Monday, September 22, 2014

On Writing and Revising

Unfortunately, the release date for Romance is for Other People has been delayed until next year.  Read more below:
In my teens, I wrote the first draft a story called, The Edge of Existence, in which Chris, Lydia and Jeremy from Romance is for Other People were in there, albeit in different form.  “The Edge of Existence” was action/adventure Spiritual story, very different from the story I’m try to release now.  But the interactions between the three characters made for intriguing writing without the action/adventure main plot.  I couldn’t help thinking about a romantic story, with just the characters, without all of that other stuff.  I wrote a summary, but left it at that.

After graduating from Durham Tech in the spring of 2009, I took a year off. Doing that allowed me to finish the sequel to The Edge of Existence, called Volatile Emotions.  Once I finished that, I finally decided to write Love Square.  I decided to write it in first person from all four of the main characters, Chris, Lydia, Jeremy and Amanda.  I enjoyed getting into the heads of each of the characters, and also jumping back and forth between them.  I particularly enjoyed jumping back and forth between the characters in the middle of the scene, showing each character’s reaction to a scene. 
Then I went to NC State, and graduated from there in 2012.  In the fall of 2012, I finally had the chance to revise it, which I did…but I had no idea of how good or bad it was.  I sent it off to 10 or so close friends, asking them to read it.  The concept and/or starting point must not have been very interesting, and to be honest, many people have busy lives, which led to only one finishing the novel (thank you, Nikki!).  She loved it, (with a few quibbles), which I used to revised it a third time.  I did a few minor revisions during this time, just with little ideas I had about individual scenes.

Then in late 2013, my mom put me in contact with Deneane Sutton, who would help me get my book off the ground.  She found an illustrator, graphic designer and editor.  She was very nice and friendly and I appreciate the help she gave getting the manuscript ready for print. She gave it to a teenage relative of hers, who read it in a day and loved it - that was a good sign.  But as we got closer to the projected release date, I started getting nervous.  What would a professional think of the book?  I thought, based on what I had heard so far, that it was in pretty good shape.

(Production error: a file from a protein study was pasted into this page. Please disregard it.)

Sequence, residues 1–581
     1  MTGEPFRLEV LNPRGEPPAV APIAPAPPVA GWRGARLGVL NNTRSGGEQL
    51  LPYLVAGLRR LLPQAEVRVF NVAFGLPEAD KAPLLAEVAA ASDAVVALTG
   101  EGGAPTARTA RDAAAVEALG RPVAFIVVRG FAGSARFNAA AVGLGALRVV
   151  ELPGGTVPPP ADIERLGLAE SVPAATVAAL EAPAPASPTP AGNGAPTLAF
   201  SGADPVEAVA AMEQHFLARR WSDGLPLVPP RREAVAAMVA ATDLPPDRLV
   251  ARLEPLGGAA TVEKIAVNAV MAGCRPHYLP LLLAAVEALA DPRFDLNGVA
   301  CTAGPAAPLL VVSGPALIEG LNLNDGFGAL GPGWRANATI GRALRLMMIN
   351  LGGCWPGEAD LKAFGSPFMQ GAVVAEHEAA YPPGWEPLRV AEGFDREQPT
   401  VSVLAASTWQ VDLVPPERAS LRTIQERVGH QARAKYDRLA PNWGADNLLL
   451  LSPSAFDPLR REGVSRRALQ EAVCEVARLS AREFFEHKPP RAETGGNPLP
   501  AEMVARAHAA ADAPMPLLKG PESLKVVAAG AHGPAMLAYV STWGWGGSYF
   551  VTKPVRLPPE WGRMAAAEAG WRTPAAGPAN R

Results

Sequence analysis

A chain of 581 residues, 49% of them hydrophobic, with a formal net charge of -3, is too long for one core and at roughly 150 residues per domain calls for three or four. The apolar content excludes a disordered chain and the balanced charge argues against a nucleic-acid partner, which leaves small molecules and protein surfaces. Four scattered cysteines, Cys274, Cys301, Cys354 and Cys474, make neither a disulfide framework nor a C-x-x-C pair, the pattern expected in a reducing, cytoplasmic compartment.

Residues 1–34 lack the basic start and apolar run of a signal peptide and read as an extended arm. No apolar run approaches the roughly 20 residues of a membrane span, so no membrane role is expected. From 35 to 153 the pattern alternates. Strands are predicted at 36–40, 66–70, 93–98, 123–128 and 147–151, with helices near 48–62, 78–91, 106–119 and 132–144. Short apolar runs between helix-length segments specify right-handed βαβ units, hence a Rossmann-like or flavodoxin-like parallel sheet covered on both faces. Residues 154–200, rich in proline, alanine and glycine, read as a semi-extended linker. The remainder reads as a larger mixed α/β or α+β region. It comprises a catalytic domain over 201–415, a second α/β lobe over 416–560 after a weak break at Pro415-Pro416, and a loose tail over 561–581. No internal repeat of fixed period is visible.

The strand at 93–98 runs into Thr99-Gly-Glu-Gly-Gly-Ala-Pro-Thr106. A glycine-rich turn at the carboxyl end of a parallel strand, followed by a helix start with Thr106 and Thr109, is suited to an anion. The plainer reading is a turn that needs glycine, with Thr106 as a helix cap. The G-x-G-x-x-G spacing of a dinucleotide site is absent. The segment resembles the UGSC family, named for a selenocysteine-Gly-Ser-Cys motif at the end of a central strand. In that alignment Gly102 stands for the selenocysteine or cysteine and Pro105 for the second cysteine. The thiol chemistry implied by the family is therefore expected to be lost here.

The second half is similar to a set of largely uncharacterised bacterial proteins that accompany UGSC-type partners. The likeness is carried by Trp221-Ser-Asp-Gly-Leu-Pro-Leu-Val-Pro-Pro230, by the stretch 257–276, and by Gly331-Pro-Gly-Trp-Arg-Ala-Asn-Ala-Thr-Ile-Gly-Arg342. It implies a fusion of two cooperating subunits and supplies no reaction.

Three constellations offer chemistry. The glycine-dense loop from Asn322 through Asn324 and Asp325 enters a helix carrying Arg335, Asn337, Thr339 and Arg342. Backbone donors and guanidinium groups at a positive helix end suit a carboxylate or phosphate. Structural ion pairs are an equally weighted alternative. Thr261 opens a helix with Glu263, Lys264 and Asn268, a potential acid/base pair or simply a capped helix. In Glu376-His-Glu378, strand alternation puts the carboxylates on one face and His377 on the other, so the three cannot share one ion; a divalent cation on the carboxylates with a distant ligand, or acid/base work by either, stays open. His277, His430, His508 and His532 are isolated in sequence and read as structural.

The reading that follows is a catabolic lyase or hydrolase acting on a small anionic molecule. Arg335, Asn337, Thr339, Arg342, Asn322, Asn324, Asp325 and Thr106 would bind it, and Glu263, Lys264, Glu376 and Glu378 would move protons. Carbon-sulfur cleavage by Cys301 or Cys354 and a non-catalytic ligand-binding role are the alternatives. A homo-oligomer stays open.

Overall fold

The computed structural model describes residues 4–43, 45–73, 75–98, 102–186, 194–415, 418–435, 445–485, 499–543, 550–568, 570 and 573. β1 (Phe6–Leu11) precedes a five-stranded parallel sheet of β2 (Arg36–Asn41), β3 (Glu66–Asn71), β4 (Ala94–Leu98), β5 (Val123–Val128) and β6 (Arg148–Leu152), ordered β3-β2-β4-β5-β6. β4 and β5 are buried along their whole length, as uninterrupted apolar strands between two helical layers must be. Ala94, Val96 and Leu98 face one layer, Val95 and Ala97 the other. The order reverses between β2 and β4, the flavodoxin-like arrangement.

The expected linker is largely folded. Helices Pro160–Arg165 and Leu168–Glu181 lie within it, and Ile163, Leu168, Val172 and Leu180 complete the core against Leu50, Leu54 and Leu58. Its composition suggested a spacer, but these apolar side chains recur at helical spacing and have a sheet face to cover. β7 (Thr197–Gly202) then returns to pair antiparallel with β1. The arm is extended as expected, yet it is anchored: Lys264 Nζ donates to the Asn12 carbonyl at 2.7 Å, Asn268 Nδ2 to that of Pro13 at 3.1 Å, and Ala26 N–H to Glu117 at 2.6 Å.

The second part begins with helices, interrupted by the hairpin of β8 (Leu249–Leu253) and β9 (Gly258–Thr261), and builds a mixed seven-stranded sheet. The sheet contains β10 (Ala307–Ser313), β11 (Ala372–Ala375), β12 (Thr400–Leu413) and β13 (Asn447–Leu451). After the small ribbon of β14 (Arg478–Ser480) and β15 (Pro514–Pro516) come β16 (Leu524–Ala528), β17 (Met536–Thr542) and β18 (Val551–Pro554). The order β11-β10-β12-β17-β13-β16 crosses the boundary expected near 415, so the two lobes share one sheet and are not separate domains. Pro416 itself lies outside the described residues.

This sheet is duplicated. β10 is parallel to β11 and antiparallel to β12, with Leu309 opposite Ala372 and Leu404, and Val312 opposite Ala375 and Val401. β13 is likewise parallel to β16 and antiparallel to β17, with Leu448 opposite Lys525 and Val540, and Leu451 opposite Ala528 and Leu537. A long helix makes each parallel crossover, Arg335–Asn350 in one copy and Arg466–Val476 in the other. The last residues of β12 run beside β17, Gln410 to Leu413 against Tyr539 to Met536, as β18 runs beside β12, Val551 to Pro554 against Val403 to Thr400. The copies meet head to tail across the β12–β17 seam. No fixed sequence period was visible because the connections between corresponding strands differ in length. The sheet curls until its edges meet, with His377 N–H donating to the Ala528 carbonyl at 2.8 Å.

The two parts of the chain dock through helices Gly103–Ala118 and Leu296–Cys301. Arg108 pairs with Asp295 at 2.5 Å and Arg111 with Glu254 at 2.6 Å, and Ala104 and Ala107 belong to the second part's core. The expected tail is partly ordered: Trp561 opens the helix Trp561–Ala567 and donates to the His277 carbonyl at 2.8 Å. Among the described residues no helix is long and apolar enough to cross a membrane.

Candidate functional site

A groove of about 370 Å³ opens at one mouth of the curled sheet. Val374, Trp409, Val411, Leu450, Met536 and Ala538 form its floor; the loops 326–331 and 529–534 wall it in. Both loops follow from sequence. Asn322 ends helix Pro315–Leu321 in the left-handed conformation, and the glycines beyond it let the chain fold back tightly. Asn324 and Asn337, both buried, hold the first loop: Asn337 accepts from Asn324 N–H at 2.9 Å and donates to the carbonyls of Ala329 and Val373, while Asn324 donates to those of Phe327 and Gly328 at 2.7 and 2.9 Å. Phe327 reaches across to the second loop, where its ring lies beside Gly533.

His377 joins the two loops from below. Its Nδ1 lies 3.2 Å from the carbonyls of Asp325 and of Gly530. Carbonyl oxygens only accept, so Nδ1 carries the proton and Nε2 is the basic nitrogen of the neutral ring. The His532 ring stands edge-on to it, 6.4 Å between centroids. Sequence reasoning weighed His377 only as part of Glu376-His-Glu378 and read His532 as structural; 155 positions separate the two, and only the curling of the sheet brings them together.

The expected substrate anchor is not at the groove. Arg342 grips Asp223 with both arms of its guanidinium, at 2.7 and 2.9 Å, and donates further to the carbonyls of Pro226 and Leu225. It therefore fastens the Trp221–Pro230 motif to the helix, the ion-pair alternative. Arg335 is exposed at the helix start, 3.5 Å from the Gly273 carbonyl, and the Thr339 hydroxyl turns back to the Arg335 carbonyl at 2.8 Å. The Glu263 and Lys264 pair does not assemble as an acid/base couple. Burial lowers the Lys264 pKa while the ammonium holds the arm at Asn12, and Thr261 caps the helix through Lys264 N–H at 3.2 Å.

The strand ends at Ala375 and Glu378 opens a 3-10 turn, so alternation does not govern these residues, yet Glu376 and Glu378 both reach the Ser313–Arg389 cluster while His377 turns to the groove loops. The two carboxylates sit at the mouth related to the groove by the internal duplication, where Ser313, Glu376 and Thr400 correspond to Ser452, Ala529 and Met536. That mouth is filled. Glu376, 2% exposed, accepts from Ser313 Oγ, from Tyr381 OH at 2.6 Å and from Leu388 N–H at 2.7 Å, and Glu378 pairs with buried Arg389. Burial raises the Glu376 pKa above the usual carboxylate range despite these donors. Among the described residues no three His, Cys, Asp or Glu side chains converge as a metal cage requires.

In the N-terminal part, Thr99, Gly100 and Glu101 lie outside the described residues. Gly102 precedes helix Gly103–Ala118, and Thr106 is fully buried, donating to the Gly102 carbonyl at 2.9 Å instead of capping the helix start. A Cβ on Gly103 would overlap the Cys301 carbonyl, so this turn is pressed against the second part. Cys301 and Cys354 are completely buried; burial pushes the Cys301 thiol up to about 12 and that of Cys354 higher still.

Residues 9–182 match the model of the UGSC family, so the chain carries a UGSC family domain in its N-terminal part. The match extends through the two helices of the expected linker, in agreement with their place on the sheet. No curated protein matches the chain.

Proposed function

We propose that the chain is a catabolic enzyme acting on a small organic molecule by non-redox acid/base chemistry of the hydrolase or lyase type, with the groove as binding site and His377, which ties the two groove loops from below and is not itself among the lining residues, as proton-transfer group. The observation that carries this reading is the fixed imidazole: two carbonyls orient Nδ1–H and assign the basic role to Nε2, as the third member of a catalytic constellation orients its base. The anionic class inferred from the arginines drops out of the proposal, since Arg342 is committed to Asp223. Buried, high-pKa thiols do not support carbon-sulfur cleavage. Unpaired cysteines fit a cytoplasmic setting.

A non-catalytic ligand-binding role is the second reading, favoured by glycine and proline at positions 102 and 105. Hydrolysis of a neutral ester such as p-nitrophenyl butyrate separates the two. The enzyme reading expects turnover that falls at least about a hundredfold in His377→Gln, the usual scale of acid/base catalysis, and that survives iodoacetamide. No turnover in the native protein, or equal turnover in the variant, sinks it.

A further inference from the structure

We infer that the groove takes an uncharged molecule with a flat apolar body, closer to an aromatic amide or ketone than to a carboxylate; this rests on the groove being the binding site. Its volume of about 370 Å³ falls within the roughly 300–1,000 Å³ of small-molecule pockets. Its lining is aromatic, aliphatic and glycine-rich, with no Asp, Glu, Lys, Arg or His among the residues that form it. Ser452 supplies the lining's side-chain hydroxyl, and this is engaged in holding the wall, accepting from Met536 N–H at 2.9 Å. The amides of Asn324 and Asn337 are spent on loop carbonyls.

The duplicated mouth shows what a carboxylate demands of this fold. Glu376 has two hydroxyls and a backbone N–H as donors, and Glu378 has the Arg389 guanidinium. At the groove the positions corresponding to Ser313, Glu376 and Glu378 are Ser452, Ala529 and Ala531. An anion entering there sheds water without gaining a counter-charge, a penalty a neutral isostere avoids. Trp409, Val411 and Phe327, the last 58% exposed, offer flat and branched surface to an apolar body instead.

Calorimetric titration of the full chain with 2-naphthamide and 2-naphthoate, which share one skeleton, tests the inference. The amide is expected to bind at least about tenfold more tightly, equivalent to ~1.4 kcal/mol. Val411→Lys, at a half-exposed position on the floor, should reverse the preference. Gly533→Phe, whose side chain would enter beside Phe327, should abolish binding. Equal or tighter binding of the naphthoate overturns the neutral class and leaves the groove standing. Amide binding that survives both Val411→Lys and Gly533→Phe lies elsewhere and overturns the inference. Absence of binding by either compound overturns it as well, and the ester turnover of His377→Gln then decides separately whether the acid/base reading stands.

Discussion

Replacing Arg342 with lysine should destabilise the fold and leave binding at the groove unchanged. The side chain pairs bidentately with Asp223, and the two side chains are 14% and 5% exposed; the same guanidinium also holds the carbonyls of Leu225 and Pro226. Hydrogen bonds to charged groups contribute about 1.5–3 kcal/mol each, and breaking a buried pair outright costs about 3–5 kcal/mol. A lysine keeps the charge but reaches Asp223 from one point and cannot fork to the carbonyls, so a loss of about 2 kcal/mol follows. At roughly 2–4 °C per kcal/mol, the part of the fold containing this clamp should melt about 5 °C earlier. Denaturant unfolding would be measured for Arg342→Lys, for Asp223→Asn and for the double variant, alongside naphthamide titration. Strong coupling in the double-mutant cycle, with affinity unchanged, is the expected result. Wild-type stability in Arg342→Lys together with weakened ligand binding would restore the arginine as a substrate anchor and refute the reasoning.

So in early June of this year, I decided to send to the book to CreateSpace for an editorial evaluation, the same company that was going to publish my work.  I received it in late June…and the editor said there was a lot of work that had to be done.  I was crushed, but I also found the time to do it during my busy summer - a long road trip to Ohio in early August.  I worked feverishly to completely a lot (but not all) of the changes suggested by the editor.  I felt better about it – but I was still unsure about what I had, not only with content but also with grammar. 

In early September, I sent it off again, this time to True Blue Editorial, for an In-Depth Critique, which included line editing, which I so desperately needed.  And her response was…less than stellar.  Even after I had revised it, she thought it needed more work than the last one did.  While admittedly some came from her point of view, I don’t consider her point of view any less valid.  If she thought that, there’s no doubt that many readers would feel the same. 


The bottom line here is that my book need a lot more work.  More work that I don’t have time for before the release date.  I feel like I let everyone down, and I apologize sincerely for that.  I have decided to delay the release until sometime in the future.  It’ll come out when I feel it is at a level that is ready to be published.  With that in mind, I’m going to take a break from my blog as well.  Thank you all for your support.  

Wednesday, September 17, 2014

Romance is for Other People Tidbit #38

Hello everyone! Here is Romance is for Other People Tidbit #38:

38. Lydia's dad has a job as a Realtor.

Look for a new tidbit next week!  Here are the last 37 tidbits:
1. I am releasing a novel in 2014.
2. The title is Romance is for Other People.
3. There are four main characters.
4. The first main character is Chris, male, 14 years old.
5. The second main character is Lydia, female, 14 years old.
6. The third main character is Jeremy, male, 16 years old.
7. The fourth main character is Amanda, female, 16 years old.
8.  The format is first person, split between the four main characters.
9.  The title is a quote from the novel.
10.  All the chapter titles are quotes.
11.  Plot summary (View Here)